Tonight after a great class (I’m course assistant for Creativity, Madmen, Geniuses and Harvard Students at the Extension school), I learned about a professor who teaches a psych course–at a different Boston college–about communities and networks. He is apparently a total Luddite and wants nothing to do with social media and doesn’t consider it important in his classes.
I was shocked.
Now, I can understand that there is a particular psychology when it comes to how people interact and build communities in person. But, in my opinion, to ignore the impact that social media has on communities is pure folly in this day and age.
For example, I’m going to Social Media Breakfast Boston #24 tomorrow. While I haven’t been to these in recent months, I am confident that I’ll know who several of the individuals attending are before I get there simply because I follow them online. I may recognize their face from their profile photo or I may recognize the Twitter handle on their nametag. Regardless, it gives me an instant discussion opening to be able to say “I follow you” or to have someone say the same words back. Even better if I can talk about something that they have recently posted and have an opinion. In my mind it makes the interactions richer. Additionally, the touchpoint with the one I newly met will possibly go far beyond the initial in-person visit.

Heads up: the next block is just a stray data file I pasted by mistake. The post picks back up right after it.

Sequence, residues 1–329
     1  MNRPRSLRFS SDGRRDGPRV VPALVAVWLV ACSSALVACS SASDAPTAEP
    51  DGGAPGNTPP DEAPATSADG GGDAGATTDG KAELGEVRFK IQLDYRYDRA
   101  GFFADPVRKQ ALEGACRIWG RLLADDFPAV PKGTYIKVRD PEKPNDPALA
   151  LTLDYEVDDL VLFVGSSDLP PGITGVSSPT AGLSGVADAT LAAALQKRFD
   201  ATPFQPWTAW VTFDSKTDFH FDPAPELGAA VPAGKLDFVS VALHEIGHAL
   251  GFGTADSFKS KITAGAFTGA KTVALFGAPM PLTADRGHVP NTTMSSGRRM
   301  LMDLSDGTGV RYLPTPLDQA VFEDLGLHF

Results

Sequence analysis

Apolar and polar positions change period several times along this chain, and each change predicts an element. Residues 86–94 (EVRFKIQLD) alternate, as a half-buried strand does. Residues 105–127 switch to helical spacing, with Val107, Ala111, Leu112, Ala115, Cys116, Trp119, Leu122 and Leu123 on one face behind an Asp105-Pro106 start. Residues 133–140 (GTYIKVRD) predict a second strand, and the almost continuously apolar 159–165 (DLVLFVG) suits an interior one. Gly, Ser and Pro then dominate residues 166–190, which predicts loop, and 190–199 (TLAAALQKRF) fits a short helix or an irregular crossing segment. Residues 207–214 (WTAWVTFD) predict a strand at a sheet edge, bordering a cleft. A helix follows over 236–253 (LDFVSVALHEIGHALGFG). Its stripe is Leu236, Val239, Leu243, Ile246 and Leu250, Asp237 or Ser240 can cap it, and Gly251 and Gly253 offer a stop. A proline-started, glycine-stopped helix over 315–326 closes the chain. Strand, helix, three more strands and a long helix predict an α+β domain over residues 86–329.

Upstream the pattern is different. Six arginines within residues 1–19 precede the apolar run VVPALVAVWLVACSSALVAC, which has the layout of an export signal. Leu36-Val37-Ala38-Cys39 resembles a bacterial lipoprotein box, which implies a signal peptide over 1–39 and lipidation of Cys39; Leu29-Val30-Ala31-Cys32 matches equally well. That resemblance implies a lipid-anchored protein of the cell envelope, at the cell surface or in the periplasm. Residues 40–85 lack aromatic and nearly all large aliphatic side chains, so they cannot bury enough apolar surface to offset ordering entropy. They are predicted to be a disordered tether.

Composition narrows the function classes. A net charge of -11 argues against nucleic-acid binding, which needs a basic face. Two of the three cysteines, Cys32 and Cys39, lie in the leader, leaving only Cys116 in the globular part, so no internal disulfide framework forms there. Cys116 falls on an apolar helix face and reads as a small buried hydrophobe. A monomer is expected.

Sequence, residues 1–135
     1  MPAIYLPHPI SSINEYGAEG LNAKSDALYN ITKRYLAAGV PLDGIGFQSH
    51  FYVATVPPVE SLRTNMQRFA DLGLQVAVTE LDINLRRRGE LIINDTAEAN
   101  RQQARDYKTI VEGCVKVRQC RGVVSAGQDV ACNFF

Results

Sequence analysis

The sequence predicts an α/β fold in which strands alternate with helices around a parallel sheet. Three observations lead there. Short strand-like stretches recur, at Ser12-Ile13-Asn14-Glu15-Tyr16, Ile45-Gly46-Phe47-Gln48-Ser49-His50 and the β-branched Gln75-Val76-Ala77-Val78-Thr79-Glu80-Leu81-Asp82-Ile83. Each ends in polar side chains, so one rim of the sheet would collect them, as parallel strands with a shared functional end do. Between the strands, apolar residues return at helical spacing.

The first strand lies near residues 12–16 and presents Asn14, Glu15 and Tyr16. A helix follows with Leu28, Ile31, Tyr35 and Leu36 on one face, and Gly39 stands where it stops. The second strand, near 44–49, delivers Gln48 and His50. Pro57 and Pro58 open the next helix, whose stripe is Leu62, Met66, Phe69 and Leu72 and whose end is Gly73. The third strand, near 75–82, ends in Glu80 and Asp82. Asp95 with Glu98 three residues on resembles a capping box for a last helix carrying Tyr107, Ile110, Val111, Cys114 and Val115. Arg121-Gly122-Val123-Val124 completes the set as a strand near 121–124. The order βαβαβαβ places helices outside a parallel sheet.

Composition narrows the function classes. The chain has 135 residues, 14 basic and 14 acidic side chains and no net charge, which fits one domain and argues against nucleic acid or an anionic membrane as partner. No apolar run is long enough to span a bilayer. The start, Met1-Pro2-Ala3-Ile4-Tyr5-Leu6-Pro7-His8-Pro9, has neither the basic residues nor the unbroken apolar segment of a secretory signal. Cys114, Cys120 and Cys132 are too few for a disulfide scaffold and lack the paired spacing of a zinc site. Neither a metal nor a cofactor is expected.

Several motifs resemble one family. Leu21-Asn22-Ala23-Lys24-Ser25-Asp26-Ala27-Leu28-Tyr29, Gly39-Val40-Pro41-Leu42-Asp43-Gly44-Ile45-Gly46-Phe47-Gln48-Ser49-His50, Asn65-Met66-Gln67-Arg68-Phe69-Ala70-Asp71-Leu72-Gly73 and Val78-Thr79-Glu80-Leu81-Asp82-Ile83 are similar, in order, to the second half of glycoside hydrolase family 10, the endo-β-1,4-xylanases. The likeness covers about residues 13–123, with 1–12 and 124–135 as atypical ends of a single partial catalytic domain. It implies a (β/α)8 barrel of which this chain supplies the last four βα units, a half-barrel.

Quite simply, social media has changed the very nature of these in-person communities. The way you interact with people is different. Discussions begin beforehand and may continue afterward. The psychology of how people react to you is very different. People may have a preconceived idea of who you are before they ever talk to you and it may color the entire meeting.
I felt sorry for the students who may have to take the man’s class. How frustrating it must be to not be able to explore the impact that social networks are changing in-person communities, or to be able to partake in research about how the psychology of interaction has changed. Or, to discover how cognitive thinking differs when working with people in person vs. collaborating online.
There are very few people in my life now that don’t partake in some online social community. For the most part, the only ones I can think of are my in-laws who don’t own a mobile phone or a computer. Their communities are the same as they have been for years. They meet up with their bocce and bowling teams every week with friends. And yet…now their friends talk about photos their kids posted online or the last online Scrabble game they played with each other.
It’s all changed. Even those old-fashioned communities are colored by social media.
- Lessons From The Social Media World (convonix.com)
- Six degrees of social networking (independent.co.uk)
- What’s Invisible At Harvard: A Conversation (theawl.com)
- Tribes, Classes, and Networking [Uncertain Principles] (scienceblogs.com)